As students returned to school this week, and as I attempted to gruelingly adjust my 12 hour work day schedule by ten minutes in order to avoid bus stops, I’m hit with an intense feeling of nostalgia about my own school days of past. It’s been four and a half years since I graduated from college, which culminated into ‘my moment’; high school was a moment; and middle school was a downright nightmare. In middle school I was going through that awkward puberty/identity phase, which most teenagers do, and I was bullied and teased fiercely, resulting in a mild case of trichotillomania I ended up having to work through on my own. I have always had a lean frame but back then, in my tomboy days, I had a penchant for over-sized T-shirts tucked only in the front of similarly over-sized windbreaker pants or jeans. I thought I was big business, in some respects. In other respects, I suffered panic attacks and often wanted to curl into a ball and flash forward to high school where I thought all things had to be better because TV shows and movies made it look like Xanadu compared to middle school.
High school was definitely better but didn’t really get good for me until senior year when I was known to many as a dancing phenom, my hair hit its peak, my grades were stellar, and dating became something that didn’t involve a chaperone trying to look inconspicuous in the next row of a movie theater. I have never been a clique/group type person, so I was never really an X, Y, or Z. Therefore, most of my peers knew me by my dancing and singing, my position as a TA, and my involvement in academic groups. There were many days when I wished I had the prom queen type popularity, but things didn’t work out that way, which is okay because next came college.
I went to a small women’s college and my time there was amazing. As a small college, I wasn’t just a number or a student who got lost in the shuffle. I formed bonds and relationships with my professors and peers, which I will always cherish. I declared my major in English during my first year and, after getting through general education courses, I was able to embark on my specific academic path. That path would lead me to exciting accomplishments such as presenting at NCUR, becoming president of our chapter of Sigma Tau Delta, and working as co-editor of the literary magazine for my college. My dancing skill and movement vocabulary grew as a member of the school’s dance company and I made my mark as a talented choreographer. A psychology experiment I was initially unaware I was a part of first-year, where I spontaneously started performing “Proud Mary”, garnered me the nickname “Tina Turner” throughout the next four years. One of the best moments…ever.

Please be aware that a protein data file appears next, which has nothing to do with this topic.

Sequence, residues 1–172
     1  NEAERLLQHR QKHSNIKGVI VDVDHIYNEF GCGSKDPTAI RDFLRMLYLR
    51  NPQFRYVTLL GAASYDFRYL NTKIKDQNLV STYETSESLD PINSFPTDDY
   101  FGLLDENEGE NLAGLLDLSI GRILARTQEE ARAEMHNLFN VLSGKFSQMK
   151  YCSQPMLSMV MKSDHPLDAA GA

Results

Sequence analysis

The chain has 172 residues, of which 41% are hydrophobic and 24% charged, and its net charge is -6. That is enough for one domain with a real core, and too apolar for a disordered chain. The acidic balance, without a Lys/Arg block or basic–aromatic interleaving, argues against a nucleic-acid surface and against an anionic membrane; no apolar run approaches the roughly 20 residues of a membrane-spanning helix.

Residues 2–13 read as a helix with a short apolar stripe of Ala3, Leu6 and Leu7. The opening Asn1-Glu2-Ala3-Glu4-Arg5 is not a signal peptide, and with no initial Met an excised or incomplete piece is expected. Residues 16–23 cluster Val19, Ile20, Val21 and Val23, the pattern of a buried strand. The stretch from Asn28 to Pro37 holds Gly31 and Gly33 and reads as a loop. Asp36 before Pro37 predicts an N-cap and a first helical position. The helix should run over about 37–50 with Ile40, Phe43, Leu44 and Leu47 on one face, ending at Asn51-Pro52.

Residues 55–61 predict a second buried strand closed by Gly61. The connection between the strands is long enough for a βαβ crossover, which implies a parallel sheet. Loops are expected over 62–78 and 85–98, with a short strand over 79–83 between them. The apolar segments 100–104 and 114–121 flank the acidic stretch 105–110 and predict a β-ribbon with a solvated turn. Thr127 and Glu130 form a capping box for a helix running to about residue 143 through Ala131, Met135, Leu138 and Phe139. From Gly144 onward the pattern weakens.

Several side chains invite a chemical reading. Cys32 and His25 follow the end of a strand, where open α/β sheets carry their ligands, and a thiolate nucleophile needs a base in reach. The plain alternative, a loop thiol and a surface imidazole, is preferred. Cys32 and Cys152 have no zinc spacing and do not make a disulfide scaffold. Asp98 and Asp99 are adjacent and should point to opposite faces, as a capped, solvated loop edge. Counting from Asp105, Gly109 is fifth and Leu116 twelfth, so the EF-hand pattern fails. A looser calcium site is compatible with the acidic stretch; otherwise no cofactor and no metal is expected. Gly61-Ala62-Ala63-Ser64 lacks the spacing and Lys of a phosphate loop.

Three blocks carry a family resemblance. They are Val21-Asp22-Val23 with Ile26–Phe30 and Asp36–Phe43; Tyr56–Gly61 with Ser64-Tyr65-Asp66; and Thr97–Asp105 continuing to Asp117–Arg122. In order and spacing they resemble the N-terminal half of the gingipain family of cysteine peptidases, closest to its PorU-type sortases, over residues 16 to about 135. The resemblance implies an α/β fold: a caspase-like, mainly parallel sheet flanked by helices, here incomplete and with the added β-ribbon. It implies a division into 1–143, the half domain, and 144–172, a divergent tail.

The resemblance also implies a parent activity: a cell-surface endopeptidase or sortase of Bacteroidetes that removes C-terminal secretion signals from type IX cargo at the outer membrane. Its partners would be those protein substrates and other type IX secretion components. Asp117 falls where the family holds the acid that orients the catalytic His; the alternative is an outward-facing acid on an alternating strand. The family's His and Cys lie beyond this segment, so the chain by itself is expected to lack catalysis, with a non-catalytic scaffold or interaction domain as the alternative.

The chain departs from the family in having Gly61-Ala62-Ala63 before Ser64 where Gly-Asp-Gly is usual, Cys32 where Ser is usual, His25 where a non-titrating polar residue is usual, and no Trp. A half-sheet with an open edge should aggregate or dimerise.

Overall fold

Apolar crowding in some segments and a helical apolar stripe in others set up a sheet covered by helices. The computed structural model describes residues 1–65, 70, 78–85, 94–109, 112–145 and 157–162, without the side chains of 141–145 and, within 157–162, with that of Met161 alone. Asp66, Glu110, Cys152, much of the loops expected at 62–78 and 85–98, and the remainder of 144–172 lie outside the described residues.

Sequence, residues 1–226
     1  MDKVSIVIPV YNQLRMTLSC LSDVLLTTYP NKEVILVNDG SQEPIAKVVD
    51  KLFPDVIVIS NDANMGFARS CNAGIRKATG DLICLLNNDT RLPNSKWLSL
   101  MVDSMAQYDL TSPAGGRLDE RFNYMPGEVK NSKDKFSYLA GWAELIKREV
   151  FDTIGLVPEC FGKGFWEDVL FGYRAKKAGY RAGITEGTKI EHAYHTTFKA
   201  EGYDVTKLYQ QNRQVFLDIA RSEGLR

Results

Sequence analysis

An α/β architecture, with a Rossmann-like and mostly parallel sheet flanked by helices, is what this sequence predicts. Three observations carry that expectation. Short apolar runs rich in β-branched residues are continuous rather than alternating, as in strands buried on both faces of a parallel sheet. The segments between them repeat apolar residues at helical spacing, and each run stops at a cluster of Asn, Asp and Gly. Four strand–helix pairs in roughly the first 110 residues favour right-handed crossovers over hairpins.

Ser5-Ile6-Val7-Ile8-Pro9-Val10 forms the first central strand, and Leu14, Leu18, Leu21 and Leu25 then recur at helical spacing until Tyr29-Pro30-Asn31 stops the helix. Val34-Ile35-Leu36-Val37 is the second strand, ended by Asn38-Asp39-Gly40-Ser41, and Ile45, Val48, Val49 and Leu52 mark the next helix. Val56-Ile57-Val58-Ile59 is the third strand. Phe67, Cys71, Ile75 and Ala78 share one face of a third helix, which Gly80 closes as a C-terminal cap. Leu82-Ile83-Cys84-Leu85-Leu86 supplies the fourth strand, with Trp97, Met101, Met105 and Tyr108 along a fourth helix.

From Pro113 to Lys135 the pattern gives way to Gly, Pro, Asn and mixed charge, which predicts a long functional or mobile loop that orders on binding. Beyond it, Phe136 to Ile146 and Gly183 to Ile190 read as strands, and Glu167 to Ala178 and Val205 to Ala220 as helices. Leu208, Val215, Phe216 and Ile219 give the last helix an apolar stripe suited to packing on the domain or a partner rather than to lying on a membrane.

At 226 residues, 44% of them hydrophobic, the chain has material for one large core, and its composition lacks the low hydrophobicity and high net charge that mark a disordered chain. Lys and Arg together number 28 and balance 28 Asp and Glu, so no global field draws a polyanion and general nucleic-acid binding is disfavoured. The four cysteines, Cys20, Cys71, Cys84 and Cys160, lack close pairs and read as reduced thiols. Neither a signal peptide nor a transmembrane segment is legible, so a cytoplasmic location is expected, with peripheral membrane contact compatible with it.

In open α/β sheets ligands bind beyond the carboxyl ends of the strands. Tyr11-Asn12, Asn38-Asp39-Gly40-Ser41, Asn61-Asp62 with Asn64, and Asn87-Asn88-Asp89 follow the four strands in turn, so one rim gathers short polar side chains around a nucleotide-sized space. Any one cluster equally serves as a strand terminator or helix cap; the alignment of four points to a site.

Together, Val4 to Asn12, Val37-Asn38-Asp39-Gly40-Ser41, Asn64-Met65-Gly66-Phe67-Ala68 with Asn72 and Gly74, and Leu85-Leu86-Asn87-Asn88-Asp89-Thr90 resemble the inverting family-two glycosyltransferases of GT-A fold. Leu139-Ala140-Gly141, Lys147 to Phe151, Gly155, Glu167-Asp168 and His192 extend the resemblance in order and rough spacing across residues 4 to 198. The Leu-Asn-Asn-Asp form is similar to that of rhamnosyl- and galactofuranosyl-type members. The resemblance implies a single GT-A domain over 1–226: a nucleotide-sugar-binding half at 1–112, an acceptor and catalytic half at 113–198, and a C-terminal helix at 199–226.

Today I am a Modern dancer, model, and college writing tutor and those awful middle school days are far behind me, though I will still get the random Facebook friend request from a relic of the past. To any one of those students I see standing at the bus stop silently going through a similar rough patch and you feel like you’re alone: Trust me, it gets better. Stay strong.